This bill, which was passed along with several others, was debated at length during the first sitting of the Upper House for the year 2024.
by Marco Lopez
BELIZE CITY, Thurs. Feb. 8, 2024
Eight bills and the ratification of an amendment to a clause in a treaty encompassed the business of the Senate today. The upper house of parliament met for the first time in 2024 – to debate the bills passed by the House of Representatives last week Friday.
Before the commencement of the business, however, some housekeeping had to be done by the President of the Senate, Carolyn Trench Sandiford.
This is relating to a matter raised by UDP Senator, Michael Peyrefitte, in a letter addressed to the president questioning whether Lead Government Senator, Eamon Courtenay, was authorized to hold that post within the Senate following his resignation as the Minister of Immigration.
According to President Sandiford, Senator Peyrefitte’s argument revolved around the notion that the leader of government business must be a sitting minister of government. Relying on the advice of the Attorney General, this query was put to rest by the president, who noted that statute and precedent outline no need for the leader of government business in the senate to be a minister or member of Cabinet.
Belize ratifies amendment to Treaty of Tlatelolco
The Government of Belize has moved to ratify the amendment to paragraph two of article 25 of the Treaty for the Prohibition of Nuclear Weapons in Latin America and the Caribbean (Treaty of Tlatelolco).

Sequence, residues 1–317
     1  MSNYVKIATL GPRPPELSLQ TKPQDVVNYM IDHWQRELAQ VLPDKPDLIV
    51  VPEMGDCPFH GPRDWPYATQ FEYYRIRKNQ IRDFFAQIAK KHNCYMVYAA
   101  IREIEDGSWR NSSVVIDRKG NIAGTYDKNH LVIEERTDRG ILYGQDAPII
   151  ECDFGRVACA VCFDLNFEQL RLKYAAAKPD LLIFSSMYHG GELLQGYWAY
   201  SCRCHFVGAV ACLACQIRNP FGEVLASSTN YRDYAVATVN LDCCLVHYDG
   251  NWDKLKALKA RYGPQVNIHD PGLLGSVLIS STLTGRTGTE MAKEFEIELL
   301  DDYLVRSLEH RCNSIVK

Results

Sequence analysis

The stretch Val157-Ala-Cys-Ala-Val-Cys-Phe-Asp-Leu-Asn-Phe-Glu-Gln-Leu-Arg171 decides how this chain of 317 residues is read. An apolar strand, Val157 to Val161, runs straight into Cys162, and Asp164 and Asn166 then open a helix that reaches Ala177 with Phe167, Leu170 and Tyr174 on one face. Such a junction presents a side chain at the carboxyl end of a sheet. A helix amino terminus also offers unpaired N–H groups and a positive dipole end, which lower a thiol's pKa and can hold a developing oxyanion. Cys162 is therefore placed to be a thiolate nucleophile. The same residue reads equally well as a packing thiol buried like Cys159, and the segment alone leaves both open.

“The original Treaty paragraph had excluded political entities ‘part or all of which whose territory’ is in dispute with ‘an extra-continental country and one or more Latin American States’ prior to the opening of signature of the Treaty,” the treaty document found in the US State Department’s archive states.
This excluded Belize and Guyana, who both have territorial disputes with Guatemala and Venezuela, respectively, from membership in the treaty. The amendment sought to provide for the inclusion of those states when they attained independence. Today, the Senate, after almost 30 years, finally ratified this amendment, bringing Belize into compliance as a contracting party to the treaty.
This was passed in the Senate without objection.
Bills brought from the House